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Re: Re: HYB: seeds in containers

  • Subject: Re: [iris-talk] Re: HYB: seeds in containers
  • From: "wmoores" <wmoores@watervalley.net>
  • Date: Thu, 9 Aug 2001 07:05:27 -0500
  • Priority: normal

> Some of my SDB crosses have dried and I've gathered.  But the big 
> ones from TB crosses are still as green as ever.  How long does it 
> take for the seeds inside to ripen?  And will the pods eventually dry and
> crack as described?  Or do some ripen but stay green?
> Patricia

   Seed ripening varies with the climate.  Our ninety plus heat can 
begin in May after pods were formed in April.  With the heat and 
persistent sunshine, I start to gather TB pods in mid to late June, 
and by July 4, 90% of the crop is harvested.  I think I had two pods 
this year than took a little longer to mature.  In cooler, cloudy 
climates it may take longer for a pod to dry and split open.

    You don't have to wait until a pod turns completely brown and 
splits open to harvest the seeds.  Many times a pale green pod 
contains brown seeds even though it has not split at the seams.  
Sometimes, with a late maturing pod, I will take a sharp knife and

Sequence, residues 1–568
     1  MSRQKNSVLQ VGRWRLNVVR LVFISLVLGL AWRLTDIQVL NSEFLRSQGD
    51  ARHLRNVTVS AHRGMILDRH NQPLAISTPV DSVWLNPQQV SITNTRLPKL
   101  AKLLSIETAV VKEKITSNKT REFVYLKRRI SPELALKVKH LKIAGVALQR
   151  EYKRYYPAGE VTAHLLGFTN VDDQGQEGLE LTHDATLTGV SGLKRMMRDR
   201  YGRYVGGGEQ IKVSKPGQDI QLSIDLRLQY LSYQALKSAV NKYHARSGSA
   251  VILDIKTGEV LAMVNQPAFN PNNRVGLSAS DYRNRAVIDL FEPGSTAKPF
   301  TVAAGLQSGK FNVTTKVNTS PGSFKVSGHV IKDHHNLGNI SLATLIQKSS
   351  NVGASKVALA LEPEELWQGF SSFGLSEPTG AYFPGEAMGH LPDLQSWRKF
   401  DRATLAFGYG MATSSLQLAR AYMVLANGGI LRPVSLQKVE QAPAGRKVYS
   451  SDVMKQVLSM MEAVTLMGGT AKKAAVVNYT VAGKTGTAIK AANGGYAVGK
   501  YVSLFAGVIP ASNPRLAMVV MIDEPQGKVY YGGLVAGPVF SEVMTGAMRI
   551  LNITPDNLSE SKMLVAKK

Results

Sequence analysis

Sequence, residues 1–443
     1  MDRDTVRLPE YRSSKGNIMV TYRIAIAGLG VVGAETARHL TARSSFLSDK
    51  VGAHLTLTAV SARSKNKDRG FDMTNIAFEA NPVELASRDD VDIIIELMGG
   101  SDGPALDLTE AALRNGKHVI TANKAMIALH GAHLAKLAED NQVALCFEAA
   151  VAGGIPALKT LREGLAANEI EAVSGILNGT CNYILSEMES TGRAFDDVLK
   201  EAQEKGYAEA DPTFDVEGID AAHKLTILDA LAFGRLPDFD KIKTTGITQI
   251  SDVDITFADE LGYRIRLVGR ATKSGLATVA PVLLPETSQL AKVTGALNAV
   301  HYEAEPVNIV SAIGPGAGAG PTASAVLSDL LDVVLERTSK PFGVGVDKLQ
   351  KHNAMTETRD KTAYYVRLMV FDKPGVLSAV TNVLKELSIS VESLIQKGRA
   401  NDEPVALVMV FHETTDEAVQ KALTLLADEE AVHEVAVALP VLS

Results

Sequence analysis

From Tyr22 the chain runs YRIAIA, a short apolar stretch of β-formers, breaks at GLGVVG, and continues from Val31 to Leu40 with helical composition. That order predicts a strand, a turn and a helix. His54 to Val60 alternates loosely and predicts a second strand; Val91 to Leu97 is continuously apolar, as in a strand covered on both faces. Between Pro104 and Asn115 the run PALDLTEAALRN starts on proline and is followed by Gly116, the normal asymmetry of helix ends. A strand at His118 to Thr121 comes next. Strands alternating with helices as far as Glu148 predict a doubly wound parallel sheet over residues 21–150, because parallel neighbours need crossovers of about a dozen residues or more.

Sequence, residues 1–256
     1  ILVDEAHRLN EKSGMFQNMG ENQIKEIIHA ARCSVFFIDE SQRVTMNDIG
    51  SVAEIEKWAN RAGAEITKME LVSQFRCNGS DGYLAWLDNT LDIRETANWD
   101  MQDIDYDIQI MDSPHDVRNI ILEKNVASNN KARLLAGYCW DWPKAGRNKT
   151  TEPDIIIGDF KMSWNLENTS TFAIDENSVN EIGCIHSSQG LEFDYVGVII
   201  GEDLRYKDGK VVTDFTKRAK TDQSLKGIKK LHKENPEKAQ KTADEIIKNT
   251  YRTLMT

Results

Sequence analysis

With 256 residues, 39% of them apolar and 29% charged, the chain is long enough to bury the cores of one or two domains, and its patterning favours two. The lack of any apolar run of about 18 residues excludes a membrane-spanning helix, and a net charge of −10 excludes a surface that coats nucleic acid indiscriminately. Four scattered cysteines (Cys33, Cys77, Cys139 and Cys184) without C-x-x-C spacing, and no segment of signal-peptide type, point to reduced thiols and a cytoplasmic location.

cut into the pod at the tip where it would normally start to split.  
If the seeds are brown, I go ahead and harvest it. If the seeds are 
gray, tan, or still green, I leave the pod in place.  It's sort of a 
judgment call and one that develops with experiencce - like spotting 
balloon pods. If the pods have been on the stalk for two and a half 
to three months, I would say they are ready without splitting open.  
With more experience, you'll get the hang of it and just know which 
ones are ready.

 I dry the seeds thoroughly and place the seeds in the freezer for 
November planting in pots.  The pots are sunk in the ground and by 
February, I am rewarded with little green sprouts.  If the weatherman 
predicts 25o or below after some have sprouted, I cover the pots with 
old blankets..

Walter Moores
Enid Lake, MS USA 7/8

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